Target Date Strategies
When you know the facts, he's one step closer to his retirement goals.
JPMorgan SmartRetirement® is built to withstand a range of market cycles and conditions. Two decades of research and the behavioral data of millions of participants fuel our investment decisions, which helps more people cross the retirement finish line.
A range of solutions to solve for a variety of needs
RESEARCH FUELS OUR INVESTMENT DECISIONS
Our balanced approach to risk management focuses on growth early-on, then shifts to savings retention before and during retirement
Contact your J.P. Morgan Representative to learn more about our SmartRetirement series.
DELIVERING STRONGER OUTCOMES
OVER THE TRAILING
ASSET MANAGER WITH
2 TARGET DATE SERIES
1 Source: Morningstar; as of 9/30/19. Based on percentile rankings for the R6 share class of each vintage in JPMorgan SmartRetirement Funds series with a 10-year track record versus their relevant Morningstar target date category. Different share classes may have different rankings. Rankings do not take sales load into account. Excludes the SmartRetirement 2055 and 2060 Funds which are not yet ranked for the 10-year period.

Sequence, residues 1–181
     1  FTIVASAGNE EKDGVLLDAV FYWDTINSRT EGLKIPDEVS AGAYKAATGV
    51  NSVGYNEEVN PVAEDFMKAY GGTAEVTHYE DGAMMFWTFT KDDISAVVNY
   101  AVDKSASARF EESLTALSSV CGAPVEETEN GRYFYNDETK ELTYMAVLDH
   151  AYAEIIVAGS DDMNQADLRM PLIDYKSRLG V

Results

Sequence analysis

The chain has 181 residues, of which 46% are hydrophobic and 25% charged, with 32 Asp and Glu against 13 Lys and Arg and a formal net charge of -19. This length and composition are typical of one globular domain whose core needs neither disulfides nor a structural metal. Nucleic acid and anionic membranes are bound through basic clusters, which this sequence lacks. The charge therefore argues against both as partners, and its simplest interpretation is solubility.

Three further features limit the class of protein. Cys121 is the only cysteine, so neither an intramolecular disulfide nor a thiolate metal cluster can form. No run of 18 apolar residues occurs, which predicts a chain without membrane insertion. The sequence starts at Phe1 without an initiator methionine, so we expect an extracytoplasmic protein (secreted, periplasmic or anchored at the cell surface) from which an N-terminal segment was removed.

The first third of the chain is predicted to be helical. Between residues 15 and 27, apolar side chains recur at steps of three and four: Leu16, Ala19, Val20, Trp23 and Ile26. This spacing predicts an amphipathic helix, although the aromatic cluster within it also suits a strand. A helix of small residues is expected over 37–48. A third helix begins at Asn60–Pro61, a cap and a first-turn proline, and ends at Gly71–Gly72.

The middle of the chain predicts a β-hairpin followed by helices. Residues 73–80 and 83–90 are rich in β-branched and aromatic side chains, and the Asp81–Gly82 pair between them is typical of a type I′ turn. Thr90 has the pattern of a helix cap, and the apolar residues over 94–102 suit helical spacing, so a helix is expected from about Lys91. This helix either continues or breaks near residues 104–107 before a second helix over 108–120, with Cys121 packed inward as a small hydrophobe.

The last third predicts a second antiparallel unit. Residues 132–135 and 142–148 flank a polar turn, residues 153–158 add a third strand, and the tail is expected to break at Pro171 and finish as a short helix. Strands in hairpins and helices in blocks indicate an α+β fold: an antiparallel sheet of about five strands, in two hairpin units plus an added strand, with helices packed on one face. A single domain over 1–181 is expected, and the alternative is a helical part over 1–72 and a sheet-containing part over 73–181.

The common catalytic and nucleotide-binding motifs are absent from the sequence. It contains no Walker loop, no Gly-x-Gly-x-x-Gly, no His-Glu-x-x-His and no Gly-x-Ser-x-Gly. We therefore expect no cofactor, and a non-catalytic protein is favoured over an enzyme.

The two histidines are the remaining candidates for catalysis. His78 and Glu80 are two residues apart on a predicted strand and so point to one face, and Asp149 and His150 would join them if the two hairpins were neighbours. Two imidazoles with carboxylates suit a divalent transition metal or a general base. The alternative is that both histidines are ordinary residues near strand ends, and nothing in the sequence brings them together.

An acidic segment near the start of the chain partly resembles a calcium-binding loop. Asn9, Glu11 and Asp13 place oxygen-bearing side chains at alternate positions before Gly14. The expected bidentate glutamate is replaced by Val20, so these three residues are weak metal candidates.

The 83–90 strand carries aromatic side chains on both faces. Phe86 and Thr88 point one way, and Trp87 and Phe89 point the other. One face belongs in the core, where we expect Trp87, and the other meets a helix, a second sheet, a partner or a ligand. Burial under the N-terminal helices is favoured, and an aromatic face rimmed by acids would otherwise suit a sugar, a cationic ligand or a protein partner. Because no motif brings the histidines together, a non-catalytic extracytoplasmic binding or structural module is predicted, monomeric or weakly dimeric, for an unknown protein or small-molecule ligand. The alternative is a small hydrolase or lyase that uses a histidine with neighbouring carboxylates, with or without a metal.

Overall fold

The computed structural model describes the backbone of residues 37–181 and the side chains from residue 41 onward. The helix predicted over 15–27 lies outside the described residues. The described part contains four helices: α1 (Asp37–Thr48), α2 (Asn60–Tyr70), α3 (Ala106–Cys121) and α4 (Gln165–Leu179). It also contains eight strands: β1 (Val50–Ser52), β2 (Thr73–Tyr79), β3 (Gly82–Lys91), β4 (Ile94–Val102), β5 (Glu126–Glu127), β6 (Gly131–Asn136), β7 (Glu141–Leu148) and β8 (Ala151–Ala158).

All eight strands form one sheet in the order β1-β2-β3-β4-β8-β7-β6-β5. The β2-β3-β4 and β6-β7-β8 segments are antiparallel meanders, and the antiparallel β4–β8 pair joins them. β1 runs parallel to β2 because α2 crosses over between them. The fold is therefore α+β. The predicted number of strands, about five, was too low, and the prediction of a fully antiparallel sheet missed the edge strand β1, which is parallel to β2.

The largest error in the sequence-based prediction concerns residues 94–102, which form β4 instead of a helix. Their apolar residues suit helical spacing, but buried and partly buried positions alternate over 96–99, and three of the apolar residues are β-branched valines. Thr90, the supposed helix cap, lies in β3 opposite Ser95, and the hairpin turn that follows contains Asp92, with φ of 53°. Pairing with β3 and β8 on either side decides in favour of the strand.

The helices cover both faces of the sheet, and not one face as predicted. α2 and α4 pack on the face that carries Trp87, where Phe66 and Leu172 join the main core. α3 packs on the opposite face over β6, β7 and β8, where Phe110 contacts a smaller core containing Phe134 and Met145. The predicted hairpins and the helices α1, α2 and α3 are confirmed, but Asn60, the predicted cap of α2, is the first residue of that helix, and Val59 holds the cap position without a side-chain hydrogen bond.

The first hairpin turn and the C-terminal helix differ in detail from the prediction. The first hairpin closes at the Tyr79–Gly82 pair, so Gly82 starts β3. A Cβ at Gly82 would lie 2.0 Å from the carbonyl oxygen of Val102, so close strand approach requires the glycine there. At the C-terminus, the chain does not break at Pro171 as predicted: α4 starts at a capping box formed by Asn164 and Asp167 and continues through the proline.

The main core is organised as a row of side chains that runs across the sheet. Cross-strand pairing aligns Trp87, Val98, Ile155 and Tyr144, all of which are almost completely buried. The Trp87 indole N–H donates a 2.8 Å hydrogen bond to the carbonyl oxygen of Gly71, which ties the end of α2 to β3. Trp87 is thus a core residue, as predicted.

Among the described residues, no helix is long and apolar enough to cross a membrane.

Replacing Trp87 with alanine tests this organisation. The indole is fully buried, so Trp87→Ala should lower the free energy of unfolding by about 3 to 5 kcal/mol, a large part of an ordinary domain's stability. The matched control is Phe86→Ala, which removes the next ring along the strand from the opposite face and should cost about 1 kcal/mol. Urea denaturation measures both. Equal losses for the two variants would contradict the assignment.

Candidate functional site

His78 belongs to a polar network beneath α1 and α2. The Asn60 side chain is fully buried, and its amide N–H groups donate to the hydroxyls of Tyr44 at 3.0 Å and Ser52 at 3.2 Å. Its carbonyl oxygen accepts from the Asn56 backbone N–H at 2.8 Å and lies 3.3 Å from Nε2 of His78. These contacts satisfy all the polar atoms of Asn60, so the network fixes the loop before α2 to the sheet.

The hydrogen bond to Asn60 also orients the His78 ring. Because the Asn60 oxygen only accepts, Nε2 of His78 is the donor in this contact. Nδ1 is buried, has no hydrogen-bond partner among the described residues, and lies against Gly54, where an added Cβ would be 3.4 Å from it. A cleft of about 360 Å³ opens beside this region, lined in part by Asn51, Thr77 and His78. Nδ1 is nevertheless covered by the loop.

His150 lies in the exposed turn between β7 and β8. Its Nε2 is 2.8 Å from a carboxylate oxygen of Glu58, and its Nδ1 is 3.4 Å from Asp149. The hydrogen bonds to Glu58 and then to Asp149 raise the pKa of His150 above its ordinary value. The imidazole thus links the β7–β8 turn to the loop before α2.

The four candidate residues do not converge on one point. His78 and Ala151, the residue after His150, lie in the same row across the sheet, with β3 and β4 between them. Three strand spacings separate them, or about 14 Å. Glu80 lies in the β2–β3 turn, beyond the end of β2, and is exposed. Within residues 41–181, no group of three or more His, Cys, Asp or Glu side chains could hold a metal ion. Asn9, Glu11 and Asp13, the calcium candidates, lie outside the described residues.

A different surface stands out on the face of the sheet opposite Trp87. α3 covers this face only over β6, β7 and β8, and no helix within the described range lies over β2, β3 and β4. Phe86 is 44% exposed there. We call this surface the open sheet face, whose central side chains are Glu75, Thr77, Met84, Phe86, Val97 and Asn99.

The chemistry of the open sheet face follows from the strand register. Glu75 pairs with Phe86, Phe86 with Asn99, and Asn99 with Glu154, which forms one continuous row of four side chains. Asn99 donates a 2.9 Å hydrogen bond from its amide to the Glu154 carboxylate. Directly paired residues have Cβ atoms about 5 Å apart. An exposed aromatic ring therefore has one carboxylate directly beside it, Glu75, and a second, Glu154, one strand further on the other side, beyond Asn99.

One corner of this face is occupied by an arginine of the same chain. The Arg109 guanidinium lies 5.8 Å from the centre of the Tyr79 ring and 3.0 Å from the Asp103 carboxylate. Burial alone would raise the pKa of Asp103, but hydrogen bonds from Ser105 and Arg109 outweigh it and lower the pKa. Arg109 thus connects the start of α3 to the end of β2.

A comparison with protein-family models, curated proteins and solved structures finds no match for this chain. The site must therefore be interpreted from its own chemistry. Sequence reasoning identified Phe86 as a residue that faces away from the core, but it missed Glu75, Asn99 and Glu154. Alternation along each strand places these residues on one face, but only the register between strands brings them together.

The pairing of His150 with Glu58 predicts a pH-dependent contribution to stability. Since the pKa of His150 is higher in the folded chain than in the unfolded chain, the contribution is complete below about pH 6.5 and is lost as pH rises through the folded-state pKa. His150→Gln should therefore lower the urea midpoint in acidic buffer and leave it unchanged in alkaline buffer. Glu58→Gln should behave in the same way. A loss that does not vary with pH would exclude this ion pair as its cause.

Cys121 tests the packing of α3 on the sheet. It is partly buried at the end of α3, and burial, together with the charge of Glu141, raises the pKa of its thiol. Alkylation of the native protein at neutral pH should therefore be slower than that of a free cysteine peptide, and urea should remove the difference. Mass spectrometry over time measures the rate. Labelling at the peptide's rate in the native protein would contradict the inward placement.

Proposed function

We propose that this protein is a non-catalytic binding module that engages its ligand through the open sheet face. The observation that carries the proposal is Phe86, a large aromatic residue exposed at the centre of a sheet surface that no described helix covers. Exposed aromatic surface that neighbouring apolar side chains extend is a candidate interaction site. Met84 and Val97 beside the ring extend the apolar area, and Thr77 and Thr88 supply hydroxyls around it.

2 Source: Morningstar, US Fund Target Date categories. Analyst rating as of 3/15/19; applies to SmartRetirement and SmartRetirement Blend mutual funds only.
Target Date Funds